Roger Haglund, Moorhead, Published April 09 2012
Voter ID law is a very bad ideaOne of our core rights as citizens is the right to vote. It has taken many years of protests, constitutional amendments, new laws and court decisions to ensure this right for all adult Americans. Now Republicans in at least 34 state legislatures are considering or have passed laws that reduce early voting, restrict voter registration drives and require government-issued photo identification to vote.
This might sound like a good idea, if evidence showed voter fraud was a problem. However, the nonpartisan Brennan Center reported that “the type of voter fraud addressed by these voter ID laws is rarer than death by lightning.” Even the Justice Department under George Bush, which spent five years looking for improper voters to prosecute, found virtually no evidence of voter fraud.
If fraud isn’t a real problem, why would more than 30 Republican-run state legislatures (including Minnesota’s) try to enact voter ID laws? The answer is ALEC – a group you probably know nothing about.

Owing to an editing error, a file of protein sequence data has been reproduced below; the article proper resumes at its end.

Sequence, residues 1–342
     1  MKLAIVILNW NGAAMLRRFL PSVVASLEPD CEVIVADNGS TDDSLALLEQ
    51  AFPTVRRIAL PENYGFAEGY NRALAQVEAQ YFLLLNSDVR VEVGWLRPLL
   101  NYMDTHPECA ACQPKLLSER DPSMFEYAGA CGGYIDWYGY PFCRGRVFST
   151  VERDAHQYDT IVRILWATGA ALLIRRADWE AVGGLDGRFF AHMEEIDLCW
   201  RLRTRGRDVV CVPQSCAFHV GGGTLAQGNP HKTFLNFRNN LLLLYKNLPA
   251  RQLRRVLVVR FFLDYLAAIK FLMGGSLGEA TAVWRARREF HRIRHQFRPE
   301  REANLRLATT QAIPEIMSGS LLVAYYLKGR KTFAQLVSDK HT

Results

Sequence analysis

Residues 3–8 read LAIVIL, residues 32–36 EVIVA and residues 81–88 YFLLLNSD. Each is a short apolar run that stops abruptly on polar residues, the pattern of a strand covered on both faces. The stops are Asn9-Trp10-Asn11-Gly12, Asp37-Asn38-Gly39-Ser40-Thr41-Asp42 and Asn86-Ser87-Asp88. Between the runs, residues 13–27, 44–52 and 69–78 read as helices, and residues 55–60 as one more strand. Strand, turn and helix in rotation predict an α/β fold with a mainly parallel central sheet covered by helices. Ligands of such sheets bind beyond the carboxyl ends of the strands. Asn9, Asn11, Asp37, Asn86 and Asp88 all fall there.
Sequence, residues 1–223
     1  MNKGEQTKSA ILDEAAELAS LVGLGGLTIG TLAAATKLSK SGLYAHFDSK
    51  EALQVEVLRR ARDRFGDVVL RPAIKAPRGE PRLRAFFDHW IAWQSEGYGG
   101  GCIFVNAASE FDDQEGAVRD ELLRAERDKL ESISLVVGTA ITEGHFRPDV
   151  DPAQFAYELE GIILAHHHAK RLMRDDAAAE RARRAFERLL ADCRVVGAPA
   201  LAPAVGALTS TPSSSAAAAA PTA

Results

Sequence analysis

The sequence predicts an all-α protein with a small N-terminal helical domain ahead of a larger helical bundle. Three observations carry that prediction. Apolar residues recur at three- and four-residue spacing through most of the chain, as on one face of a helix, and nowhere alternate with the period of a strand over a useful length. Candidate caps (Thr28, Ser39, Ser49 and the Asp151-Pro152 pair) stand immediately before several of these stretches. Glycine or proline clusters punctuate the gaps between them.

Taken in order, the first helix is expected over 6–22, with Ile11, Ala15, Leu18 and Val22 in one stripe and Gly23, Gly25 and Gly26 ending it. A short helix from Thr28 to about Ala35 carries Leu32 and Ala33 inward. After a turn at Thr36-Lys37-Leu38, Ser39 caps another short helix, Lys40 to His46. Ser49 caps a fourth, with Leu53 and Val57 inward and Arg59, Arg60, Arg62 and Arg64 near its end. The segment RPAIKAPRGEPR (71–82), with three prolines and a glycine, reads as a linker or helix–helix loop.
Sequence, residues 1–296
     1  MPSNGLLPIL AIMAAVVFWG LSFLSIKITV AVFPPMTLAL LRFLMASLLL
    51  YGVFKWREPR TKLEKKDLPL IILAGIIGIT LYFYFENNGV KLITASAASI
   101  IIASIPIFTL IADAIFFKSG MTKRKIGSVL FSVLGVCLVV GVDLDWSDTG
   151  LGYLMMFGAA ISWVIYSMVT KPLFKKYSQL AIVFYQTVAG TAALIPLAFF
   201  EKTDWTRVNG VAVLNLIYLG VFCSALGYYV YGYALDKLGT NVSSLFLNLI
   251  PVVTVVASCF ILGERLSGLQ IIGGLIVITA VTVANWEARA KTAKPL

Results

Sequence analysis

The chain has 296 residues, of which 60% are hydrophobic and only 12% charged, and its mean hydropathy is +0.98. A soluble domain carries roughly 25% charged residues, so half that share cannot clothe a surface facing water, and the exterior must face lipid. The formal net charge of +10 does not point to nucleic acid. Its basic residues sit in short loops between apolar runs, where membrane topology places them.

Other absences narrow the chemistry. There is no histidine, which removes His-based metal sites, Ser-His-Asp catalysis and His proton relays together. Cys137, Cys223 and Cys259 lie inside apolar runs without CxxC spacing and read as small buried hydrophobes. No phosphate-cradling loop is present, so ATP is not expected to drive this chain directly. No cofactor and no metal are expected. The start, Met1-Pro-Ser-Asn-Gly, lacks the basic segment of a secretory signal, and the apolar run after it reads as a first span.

The American Legislative Exchange Council is a secretive national group of powerful corporations and billionaire conservatives who create models of bills they would like to see passed. They give these to willing Republican legislators to take back to their states. Their goals include things such as getting rid of labor unions, cutting taxes for the rich and getting rid of laws that protect investors, consumers and the environment. The Center for Media and Democracy found that almost every voter ID law in the nation contains the wording of a template provided by ALEC.
So why is ALEC promoting voter ID laws? Because the majority of people who lack government-issued photo IDs are minorities and the poor, and these groups tend to vote for Democrats. The Brennan Center estimates that up to 5 million voters could be adversely affected by these laws. By discouraging these Democrat-leaning groups from voting, ALEC can elect more Republicans who will be friendly to their interests.
Remember, the Coleman/Franken Senate race was decided by only a few hundred votes. We need to stand up and demand that our legislators represent and protect the rights of all citizens and not pass laws dictated to them by billionaire think tanks.